[ homelessness ]
Advocates for the homeless are worried that the city is preparing to crack down on the homeless population that live and hang out on Benjamin Franklin Parkway. City officials insist they're looking out for the safety of everyone.
If that sounds like a familiar story, it should. Every few years, the same narrative seems to surface: The Parkway is finally about to become a sparkling jewel of Philly tourism and civic pride (this time with the opening of the relocated Barnes Foundation), but first something's got to be done about the homeless situation and the people who fuel it by providing meals. Former Mayors Ed Rendell and John Street, former Councilman Frank DiCicco and Center City District chief executive Paul Levy have all tried at various points to discourage the practice — and all have so far failed.
Now the Nutter administration seems to be taking up the cause.
A few weeks ago, the Department of Health distributed fliers inviting those who serve food outside to attend a meeting of the Board of Health, which promulgates rules governing food safety.
The board, according to Health Department spokesman Jeff Moran, is "taking a look at what regulations might be applied" to food distribution to ensure safe food practices. The Health Department, says Commissioner Donald Schwarz, is "interested in helping to assure that those who are hungry and are getting fed are safer, and that those who are feeding are aware of safe procedures."
Some homeless advocates, however, see another attempted crackdown on the horizon. A coalition of Parkway food distributors released a statement on Wednesday saying new regulations would constitute "unnecessary obstacles between hungry people and free meals."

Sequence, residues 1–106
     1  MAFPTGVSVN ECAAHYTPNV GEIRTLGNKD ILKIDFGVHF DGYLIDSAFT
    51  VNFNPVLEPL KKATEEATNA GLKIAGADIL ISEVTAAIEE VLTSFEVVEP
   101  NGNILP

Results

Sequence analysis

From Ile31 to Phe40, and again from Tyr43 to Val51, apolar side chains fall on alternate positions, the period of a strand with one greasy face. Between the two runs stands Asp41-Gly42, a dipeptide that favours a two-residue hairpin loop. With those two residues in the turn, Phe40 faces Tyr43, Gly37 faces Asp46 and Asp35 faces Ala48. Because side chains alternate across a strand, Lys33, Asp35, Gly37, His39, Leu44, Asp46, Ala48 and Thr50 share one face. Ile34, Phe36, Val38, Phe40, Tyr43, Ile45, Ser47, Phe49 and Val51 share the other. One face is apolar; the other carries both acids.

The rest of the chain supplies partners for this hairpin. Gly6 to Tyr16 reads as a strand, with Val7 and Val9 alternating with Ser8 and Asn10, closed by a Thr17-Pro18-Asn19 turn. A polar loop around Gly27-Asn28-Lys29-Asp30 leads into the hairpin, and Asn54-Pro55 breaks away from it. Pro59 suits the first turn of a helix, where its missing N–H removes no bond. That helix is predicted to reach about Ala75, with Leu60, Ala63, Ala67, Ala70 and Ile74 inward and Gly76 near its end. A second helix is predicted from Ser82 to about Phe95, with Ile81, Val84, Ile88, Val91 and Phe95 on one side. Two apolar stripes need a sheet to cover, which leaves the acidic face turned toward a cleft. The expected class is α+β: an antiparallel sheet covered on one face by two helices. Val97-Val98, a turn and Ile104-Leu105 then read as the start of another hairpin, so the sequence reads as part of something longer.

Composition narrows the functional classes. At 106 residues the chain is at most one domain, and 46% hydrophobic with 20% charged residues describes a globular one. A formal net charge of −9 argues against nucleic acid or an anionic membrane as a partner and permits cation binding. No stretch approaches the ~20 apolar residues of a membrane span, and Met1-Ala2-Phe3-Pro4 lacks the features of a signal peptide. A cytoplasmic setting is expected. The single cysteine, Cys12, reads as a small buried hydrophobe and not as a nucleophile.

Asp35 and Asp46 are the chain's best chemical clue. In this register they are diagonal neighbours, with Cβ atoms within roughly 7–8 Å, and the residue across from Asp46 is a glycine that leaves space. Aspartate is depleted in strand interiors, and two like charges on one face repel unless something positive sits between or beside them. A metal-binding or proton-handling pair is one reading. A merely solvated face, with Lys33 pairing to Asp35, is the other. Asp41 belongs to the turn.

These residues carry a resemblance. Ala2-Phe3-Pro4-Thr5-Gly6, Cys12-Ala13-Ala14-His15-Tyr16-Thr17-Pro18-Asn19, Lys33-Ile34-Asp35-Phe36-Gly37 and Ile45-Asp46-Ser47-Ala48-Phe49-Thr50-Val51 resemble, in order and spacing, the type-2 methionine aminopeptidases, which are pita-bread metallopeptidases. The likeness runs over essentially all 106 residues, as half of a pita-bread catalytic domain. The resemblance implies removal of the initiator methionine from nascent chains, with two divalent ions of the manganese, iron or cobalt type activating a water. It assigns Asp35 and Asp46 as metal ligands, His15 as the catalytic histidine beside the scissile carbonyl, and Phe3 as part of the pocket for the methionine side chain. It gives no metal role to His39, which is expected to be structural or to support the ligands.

Not everyone sees the situation as cut and dry, though. "I think what they're trying to do is to come up with a mechanism for [regulating] who's serving meals out there and whether they're healthy, and I can respect that," says Pastor Brian Jenkins. His church, Chosen 300 Ministries, runs an indoor meal program and also delivers meals outside once a week. But historically, he says, "the city has not been friendly to those who feed [people] on the streets. So the response often is, 'They're trying to shut us down!'"
Pastor Bill Golderer of Broad Street Ministry, a Center City church that offers homeless services, is conflicted. On the one hand, he says, "Those people are hungry. If the city's going to crack down, what's the alternative?" On the other, he points out that the meals — often sub-par food served in sub-par conditions — aren't much of a solution either.
Broad Street Ministry recently spent nearly half a million dollars on an industrial kitchen; Golderer wants to see his program expand, and possibly offer a better alternative to the menu on the Parkway. "I'm trying to muster resources right now to contribute something that is dignifying and gives a sense that people are valuable."